"Now you're just taking the piss, Mum. You know very well I don't... run after monsters, I mean, not in that way."
"What about that time in Hounslow?"
"That was a succubus, and it was just the one time, and alright, I don't even know why I am having this argument with you when you were there and if I remember correctly, which I do, you were the one wanting to take it home and feed it a decent home cooked meal and saying how much more handsome it was than Dane and... what are you laughing about?"
"I am laughing because the reporter asked me if I had ever seen you during one of your assignments and I gestured vaguely at the telly because all I could think of was the two of us telling that demon-thingie how we didn't drink alcohol and so couldn't go with him to a bar, but we would be delighted to invite him out to dinner."
"Oh my god. The reporter would have loved that."
"Yes, exactly. That's why I didn't bring it up. As it was she kept going on and on about how interesting it was that the sword of England fell in the hands of a Muslim girl. I cut her right off because I figured you wouldn't want to talk about that sort of stuff to the papers."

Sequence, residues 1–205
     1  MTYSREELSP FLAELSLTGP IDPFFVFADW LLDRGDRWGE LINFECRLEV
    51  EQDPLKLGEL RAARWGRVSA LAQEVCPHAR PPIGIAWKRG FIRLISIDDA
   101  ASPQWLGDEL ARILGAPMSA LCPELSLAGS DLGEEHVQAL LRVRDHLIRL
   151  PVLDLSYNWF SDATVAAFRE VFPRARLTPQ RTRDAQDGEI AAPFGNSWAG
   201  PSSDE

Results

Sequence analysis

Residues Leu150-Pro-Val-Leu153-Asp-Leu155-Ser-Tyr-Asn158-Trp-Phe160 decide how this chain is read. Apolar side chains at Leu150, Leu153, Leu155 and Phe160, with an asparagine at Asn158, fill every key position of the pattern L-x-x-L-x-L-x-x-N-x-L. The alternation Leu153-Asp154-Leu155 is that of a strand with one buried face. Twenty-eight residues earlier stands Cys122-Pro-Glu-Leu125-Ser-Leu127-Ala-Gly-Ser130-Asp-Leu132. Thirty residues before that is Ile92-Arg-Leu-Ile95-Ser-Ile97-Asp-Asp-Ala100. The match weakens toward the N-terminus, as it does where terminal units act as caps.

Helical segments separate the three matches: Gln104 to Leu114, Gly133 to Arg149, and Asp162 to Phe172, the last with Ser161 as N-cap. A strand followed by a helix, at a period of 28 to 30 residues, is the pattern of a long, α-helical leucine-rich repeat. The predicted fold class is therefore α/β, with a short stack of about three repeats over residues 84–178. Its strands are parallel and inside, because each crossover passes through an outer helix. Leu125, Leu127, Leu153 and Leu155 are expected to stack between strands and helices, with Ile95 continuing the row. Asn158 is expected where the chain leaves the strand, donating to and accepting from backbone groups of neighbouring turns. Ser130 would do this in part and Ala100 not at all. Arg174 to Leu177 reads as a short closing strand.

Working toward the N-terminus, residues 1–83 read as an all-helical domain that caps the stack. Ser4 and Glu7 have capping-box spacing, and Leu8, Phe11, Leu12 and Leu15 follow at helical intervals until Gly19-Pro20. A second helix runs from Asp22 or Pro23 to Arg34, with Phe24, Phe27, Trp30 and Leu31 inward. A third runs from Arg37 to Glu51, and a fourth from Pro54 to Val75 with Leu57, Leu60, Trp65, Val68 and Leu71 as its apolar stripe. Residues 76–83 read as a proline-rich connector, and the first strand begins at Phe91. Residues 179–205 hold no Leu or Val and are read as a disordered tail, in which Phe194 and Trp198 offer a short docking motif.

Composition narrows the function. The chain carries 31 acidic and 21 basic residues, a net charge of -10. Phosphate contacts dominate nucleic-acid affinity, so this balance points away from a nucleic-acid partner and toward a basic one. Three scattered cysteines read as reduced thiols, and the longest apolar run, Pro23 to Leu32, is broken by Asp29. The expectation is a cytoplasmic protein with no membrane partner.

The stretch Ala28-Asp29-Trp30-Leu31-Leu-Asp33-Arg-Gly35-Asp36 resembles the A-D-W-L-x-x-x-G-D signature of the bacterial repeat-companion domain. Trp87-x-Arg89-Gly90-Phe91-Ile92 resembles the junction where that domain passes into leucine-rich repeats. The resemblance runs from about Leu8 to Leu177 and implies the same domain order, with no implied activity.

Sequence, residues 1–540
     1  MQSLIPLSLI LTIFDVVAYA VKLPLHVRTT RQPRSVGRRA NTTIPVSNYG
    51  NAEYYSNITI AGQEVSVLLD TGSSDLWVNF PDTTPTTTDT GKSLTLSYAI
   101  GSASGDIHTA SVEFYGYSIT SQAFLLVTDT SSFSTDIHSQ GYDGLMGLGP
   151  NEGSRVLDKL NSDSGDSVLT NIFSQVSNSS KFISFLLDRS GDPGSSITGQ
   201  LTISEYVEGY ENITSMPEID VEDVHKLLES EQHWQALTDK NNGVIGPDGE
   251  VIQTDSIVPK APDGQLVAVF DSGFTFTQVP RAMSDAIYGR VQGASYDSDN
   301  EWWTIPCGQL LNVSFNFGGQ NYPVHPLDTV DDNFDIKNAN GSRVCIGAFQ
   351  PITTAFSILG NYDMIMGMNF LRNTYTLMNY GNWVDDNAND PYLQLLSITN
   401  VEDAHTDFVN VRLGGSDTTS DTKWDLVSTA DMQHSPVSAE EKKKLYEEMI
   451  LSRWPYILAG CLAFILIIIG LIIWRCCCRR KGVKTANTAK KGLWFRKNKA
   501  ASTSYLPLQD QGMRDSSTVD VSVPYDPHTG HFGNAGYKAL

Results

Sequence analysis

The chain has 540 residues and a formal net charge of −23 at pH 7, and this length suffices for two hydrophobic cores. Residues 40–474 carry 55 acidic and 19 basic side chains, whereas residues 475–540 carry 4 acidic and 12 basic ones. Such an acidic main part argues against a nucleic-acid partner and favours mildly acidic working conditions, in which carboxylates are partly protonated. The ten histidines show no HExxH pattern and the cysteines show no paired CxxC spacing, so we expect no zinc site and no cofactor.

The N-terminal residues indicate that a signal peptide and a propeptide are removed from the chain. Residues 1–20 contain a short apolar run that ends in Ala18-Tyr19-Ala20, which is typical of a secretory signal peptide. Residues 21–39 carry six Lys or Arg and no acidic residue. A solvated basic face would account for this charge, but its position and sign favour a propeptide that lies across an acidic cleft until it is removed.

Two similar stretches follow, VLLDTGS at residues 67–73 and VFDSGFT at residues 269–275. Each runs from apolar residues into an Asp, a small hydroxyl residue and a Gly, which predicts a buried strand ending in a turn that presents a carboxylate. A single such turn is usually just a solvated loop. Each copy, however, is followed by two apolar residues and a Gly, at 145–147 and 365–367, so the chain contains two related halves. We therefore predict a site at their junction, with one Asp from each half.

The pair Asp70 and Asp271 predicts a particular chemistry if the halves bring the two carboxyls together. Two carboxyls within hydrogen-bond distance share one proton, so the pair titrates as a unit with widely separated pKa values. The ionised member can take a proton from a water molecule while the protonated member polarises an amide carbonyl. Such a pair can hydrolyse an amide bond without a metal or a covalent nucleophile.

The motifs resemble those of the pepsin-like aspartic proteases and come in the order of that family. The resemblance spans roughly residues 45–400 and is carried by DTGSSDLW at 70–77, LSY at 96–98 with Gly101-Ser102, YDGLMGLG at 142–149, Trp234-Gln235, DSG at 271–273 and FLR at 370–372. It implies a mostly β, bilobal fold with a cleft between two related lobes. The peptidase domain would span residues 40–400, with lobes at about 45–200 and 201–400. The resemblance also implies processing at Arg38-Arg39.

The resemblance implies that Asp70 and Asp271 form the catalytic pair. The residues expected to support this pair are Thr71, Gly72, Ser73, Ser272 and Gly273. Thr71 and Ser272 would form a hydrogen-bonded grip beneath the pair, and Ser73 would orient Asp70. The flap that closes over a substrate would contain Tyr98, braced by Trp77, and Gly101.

"Right. Good. Yeah, I don't want to be the Muslim for that lot."
"Well exactly, that's why I thought you could be the Doctor. I mean, they're always going to look at you and add Muslim in the back of their minds to anything, but I think Doctor Excalibur is a pretty decent headline on the whole, no?"
"I suppose. But I think giving the papers appalling baby pictures of me is a bit much, Mum."
"It wasn't a baby picture, you were five years old! And I thought you looked very sweet all dressed up in my lab coat and with your Abba's stethoscope around your neck."